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Hyper-local and meat-free: Our changing dining out habits

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Survey of hospitality owners cite plant-based menus and hyper local sourcing to prevail on 2020 menus 

Plant based proteins, veganism, hyper local sourcing and conscious consumerism.  These are some of the things we can expect to see appearing on more and more restaurant menus this year, according to a Restaurant Association survey of hospitality business owners.  

The Restaurant Association, an industry body that represents more than 2300 hospitality businesses nationwide, asked its members to weigh in on which food and beverage trends they expect to become more mainstream this year.  

Kiwi diners should expect to see continued focus on ingredients from local growers and producers on the menus of more establishments this year with hyper local ingredient sourcing ranked as the number one chef driven priority. 

Diners can also expect to see more plant-based dishes on menus with veggie centric and plant-based proteins ranked as the number two and three chef driven trend for the year ahead driven by an increased demand from diners. Respondents predicted that flexitarian diets would become more prevalent.  

Menu choices driven by lifestyle diets was cited as the second most prevalent diner request followed by more plant-based dishes driven by reduced meat consumption.  

The survey of hospitality business owners conducted in January 2020 highlighted the growing demand from diners for sustainable ingredients and reduced packaging with conscious consumerism ranked as the number one consumer driven trend.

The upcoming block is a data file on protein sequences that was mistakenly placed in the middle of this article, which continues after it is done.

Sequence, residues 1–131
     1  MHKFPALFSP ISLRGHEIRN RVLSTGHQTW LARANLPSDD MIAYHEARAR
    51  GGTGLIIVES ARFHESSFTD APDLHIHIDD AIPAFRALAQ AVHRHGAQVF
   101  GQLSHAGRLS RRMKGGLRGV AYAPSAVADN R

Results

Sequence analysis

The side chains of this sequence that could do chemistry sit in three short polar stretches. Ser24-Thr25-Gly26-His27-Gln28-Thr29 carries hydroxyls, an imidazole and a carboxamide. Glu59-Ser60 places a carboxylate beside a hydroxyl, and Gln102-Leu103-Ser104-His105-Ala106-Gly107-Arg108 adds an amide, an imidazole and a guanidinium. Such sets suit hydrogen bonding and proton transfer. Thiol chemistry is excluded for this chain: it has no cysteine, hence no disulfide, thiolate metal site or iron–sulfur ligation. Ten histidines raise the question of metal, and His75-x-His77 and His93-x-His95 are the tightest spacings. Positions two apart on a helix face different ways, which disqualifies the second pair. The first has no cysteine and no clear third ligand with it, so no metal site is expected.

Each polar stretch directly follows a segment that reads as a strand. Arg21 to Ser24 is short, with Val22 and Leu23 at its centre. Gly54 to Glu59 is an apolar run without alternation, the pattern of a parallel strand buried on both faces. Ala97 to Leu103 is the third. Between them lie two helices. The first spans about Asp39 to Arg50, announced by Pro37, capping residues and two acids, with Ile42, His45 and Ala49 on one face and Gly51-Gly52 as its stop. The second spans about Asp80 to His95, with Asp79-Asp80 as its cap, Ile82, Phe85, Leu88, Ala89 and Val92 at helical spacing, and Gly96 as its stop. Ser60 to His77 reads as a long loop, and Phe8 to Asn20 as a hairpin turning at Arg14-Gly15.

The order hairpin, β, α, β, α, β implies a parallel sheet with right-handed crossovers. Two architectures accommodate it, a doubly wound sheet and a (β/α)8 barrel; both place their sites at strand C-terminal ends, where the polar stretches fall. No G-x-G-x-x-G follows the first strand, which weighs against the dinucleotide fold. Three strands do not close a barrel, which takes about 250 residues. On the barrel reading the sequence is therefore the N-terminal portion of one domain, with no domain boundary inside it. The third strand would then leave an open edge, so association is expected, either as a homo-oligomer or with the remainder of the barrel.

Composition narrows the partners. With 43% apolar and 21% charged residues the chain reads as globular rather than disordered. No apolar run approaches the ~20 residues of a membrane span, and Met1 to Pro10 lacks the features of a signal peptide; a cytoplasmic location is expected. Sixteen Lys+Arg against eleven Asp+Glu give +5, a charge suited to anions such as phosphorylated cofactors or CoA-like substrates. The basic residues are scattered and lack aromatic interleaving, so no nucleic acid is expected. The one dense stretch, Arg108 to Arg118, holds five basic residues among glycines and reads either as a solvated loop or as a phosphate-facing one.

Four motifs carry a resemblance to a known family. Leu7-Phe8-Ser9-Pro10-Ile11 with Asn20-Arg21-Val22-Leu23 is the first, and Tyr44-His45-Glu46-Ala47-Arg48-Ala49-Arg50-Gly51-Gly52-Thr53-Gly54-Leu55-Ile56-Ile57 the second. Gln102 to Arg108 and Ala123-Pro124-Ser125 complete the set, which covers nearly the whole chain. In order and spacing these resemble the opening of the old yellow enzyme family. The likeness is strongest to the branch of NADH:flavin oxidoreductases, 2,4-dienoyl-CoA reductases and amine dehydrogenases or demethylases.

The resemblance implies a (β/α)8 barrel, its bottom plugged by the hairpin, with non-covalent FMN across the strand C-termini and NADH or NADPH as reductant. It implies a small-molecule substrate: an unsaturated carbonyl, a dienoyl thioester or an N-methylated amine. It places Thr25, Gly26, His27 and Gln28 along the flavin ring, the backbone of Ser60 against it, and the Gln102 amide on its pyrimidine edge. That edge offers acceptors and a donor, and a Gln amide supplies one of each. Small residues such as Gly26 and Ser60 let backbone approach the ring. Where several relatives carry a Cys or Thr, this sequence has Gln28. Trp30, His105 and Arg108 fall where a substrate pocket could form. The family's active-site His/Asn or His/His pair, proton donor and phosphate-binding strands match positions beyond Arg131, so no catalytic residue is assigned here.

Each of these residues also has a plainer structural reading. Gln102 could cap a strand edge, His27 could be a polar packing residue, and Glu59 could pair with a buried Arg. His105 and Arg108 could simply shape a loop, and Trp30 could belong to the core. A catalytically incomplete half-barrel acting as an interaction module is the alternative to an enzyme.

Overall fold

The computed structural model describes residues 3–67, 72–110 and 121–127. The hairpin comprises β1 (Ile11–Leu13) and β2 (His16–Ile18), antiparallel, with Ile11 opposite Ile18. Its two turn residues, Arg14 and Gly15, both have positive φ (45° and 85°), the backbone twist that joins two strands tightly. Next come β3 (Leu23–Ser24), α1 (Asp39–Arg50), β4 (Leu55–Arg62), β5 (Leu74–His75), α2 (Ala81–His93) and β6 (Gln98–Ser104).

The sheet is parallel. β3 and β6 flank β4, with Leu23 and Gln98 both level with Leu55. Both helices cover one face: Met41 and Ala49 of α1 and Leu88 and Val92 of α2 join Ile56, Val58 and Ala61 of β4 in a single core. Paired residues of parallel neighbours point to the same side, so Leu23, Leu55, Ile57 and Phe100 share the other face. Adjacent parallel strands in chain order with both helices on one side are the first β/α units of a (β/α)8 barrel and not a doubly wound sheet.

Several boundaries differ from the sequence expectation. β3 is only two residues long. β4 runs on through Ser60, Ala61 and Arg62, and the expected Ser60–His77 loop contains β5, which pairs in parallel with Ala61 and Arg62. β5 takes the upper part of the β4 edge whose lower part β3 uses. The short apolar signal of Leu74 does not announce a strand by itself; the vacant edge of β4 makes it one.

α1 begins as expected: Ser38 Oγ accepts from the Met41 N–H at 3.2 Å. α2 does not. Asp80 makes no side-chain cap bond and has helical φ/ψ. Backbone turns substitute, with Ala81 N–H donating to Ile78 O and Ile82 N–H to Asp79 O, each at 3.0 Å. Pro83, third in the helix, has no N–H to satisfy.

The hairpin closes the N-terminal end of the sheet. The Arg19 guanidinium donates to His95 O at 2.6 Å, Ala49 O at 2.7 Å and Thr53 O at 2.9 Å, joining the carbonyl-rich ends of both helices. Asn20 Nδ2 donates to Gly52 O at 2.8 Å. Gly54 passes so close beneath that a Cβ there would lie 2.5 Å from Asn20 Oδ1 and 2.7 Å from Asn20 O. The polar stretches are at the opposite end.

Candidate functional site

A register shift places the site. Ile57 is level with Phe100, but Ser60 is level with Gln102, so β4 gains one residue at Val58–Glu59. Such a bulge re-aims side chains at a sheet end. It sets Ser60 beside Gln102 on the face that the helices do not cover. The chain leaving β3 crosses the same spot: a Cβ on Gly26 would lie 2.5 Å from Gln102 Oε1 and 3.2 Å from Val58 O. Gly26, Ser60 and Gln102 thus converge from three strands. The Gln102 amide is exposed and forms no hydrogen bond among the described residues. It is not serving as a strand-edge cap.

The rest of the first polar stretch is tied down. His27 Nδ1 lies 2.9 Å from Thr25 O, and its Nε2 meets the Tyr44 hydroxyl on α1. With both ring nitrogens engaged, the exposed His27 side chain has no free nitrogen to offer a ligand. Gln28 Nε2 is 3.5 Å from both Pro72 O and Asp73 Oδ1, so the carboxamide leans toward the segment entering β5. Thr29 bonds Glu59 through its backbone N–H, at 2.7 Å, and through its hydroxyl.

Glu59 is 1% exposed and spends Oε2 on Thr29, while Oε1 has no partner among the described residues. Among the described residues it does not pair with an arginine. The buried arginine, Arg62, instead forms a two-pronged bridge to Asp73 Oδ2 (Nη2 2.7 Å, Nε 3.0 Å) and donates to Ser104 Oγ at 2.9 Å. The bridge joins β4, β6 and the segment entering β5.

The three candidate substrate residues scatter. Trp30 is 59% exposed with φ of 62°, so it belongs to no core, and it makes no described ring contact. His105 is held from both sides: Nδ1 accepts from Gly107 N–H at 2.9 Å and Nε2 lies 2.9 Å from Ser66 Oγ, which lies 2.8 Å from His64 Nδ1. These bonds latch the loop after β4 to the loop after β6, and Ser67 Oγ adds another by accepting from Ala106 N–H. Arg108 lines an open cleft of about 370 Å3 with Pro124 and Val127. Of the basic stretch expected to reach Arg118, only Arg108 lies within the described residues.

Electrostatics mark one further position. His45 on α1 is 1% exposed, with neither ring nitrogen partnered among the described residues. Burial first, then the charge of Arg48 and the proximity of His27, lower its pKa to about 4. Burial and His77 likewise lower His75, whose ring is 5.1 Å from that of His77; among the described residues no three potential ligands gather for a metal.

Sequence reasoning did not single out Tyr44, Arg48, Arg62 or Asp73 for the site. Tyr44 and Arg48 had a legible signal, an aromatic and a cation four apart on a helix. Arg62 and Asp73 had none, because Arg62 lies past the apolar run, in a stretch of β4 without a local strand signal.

A possible turn away from home delivery is a possibility with only 8 per cent of respondents predicting that menus would be driven by their suitability to home delivery.  

Restaurant Association CEO Marisa Bidois says “The global trend towards wellness coupled with a focus on environmental concerns and animal welfare is having an impact on consumer interest in more plant-based menu items, particularly from younger diners.  

 “We continue to see our members introduce more plant forward dishes as well as focusing on using local and sustainably sourced produce. 

“The demand from consumers on reduced packaging has also seen many businesses switch to compostable takeaway packaging as well as offering incentives for using reusable cups.  

“We also see a continued are also starting to see a renewed focus on use of hyper local and indigenous ingredients and this is certainly an area we expect to see continued growth in over the coming years.” 

Key findings  

  • Hyper local sourcing was ranked as the number one chef driven trend followed by veggie centric, veggie forward cuisine 
  • Craft /artisan spirits was picked as the number one beverage trend 
  • 47 per cent of respondents ranked conscious consumerism as the number one diner drive trend 
  • 27 per cent thought that menus would increasingly be driven by lifestyle diets and 23 per cent by reduced meat consumption 
  • 85 per cent had seen a rise in menu requests relating to food allergies with gluten the most common intolerance.  
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